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Trouble Spots

Trouble Spots

As with any exam, it will vary from person to person as to what is deemed to be difficult. Some of the topics you may have trouble with are Server Roles, Services, Active Directory, RAID, Performance Monitoring, and Windows Server Update Service. Each of these topics is outlined below.

Server Roles

After you install Windows operating system on a server, you can choose a role to install. A role is a function that the server is responsible for doing. Some roles, such as DHCP Server, should only be installed on one server in your network. Depending on the resources in your server, it may be capable of performing several different roles such as DHCP server and DNS Server. The different server roles that can be installed are

  • Active Directory Certificate Services
  • Active Directory Domain Services
  • Active Directory Federation Services
  • Active Directory Lightweight Directory Services
  • Active Directory Rights Management Services
  • Application Server
  • DHCP Server
  • DNS Server
  • Fax Server
  • File Services
  • Hyper-V
  • Network Policy and Access Services
  • Print Services
  • Terminal Services
  • Universal Description, Discovery, and Integration Services
  • Web Server
  • Windows Deployment Services
  • Windows Server Update Services


By default, when you install Windows, it will run services. A Windows service is a program that performs specific functions and which is designed not to require user intervention. A service can run even if a user is not logged into the computer. You can choose to have services run automatically or only when you start them. A service can be paused, stopped, or disabled if not needed. Some services, such as Internet Information Service, are considered security risks and can be disabled after installation. Depending on the task a computer is performing, some services are required to be started.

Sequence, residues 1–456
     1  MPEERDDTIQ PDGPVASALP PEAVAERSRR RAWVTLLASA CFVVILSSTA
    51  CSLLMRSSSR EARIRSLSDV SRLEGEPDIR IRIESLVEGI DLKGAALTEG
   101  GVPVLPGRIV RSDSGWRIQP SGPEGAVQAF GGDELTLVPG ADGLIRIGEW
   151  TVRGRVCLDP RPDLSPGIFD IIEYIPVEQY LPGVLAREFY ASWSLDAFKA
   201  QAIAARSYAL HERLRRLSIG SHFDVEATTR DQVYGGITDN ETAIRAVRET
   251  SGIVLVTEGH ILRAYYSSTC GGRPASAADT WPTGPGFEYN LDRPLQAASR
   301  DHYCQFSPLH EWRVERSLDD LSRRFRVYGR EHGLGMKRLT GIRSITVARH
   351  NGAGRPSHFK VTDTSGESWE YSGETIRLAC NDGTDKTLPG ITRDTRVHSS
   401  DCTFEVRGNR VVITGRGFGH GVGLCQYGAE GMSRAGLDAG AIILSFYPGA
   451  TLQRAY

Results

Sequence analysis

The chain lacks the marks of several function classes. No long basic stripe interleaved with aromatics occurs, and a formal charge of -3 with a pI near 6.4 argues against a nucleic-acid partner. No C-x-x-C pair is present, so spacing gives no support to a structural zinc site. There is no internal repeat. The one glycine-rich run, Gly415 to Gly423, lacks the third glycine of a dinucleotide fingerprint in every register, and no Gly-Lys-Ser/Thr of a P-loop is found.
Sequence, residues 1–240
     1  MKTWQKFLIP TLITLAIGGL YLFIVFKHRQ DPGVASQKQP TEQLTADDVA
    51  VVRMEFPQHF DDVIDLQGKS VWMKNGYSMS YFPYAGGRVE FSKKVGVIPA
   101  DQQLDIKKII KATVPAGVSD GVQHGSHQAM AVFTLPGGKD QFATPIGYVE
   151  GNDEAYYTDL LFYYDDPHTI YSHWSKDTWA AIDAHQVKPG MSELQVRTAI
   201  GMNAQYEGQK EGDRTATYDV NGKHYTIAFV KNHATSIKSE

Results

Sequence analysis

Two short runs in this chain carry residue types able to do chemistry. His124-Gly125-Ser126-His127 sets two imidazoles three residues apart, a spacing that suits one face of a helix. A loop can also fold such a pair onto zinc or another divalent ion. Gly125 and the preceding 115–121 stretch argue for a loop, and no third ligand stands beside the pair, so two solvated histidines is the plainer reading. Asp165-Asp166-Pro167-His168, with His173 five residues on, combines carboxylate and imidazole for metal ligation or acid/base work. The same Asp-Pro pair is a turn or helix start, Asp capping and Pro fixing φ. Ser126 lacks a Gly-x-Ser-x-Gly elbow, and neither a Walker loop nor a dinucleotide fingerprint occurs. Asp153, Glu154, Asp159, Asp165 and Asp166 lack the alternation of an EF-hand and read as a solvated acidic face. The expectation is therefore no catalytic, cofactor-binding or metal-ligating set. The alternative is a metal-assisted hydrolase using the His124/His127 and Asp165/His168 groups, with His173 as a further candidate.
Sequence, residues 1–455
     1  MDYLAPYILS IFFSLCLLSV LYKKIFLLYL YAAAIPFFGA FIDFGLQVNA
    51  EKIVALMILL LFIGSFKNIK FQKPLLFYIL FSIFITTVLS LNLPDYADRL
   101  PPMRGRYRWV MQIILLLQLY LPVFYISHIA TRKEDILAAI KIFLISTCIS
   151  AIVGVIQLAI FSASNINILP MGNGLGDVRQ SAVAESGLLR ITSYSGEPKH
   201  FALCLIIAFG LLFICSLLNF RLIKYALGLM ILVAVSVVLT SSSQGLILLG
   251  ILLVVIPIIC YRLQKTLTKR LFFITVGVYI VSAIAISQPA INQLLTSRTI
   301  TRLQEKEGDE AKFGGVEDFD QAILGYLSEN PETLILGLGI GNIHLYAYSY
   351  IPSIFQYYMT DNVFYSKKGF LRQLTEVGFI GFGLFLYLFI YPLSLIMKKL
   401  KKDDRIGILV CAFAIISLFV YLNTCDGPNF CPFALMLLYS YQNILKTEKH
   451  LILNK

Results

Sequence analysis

Active Directory

Active Directory was developed by Microsoft to provide a variety of network services. Active Directory stores all information and settings about your network structure in a central database. It allows an administrator to assign policies, create objects, manage organization units, deploy and update software. Active Directory networks can be comprised of a few computers and users or have thousands of computers and users, such as an enterprise system that spans a large geographical area. Some of the services provided by Active Directory are

  • Central location for network administration and security
  • Single sign-on for user access to networked resources
  • Scalability
  • Synchronization of directory updates across servers
  • Ability to delegate authority in order to decentralize administration

Redundant Array of Independent Disks (RAID)

Setting your server disks in a RAID configuration can provide benefits such as fault tolerance and/or speed. Some servers allow the RAID to be controlled by the hardware of the server itself. You can also use the Windows Operating System to setup your RAID configuration. Some of the different types of RAID configurations are outlined below.

Disk Striping without Parity (RAID level 0) provides no data redundancy and is not fault-tolerant. It requires a minimum of two disks and can be formatted with FAT or NTFS partitions. It offers the highest level of read and write performance of any available disk management strategy by allowing concurrent requests to be processed on all drives simultaneously.